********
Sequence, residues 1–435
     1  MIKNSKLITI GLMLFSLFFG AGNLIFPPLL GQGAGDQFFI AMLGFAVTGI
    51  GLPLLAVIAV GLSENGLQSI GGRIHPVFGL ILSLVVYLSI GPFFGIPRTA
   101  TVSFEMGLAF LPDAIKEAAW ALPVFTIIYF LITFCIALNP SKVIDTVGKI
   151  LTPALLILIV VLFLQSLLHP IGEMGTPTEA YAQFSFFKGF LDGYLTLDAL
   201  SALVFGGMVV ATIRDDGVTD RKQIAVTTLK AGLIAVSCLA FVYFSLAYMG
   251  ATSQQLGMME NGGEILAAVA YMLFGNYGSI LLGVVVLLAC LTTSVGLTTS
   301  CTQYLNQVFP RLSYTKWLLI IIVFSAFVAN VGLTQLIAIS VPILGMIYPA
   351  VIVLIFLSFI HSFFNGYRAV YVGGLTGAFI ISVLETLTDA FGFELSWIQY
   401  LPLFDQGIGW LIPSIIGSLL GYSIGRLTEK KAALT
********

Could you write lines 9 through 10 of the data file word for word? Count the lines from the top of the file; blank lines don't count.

   351  VIVLIFLSFI HSFFNGYRAV YVGGLTGAFI ISVLETLTDA FGFELSWIQY
   401  LPLFDQGIGW LIPSIIGSLL GYSIGRLTEK KAALT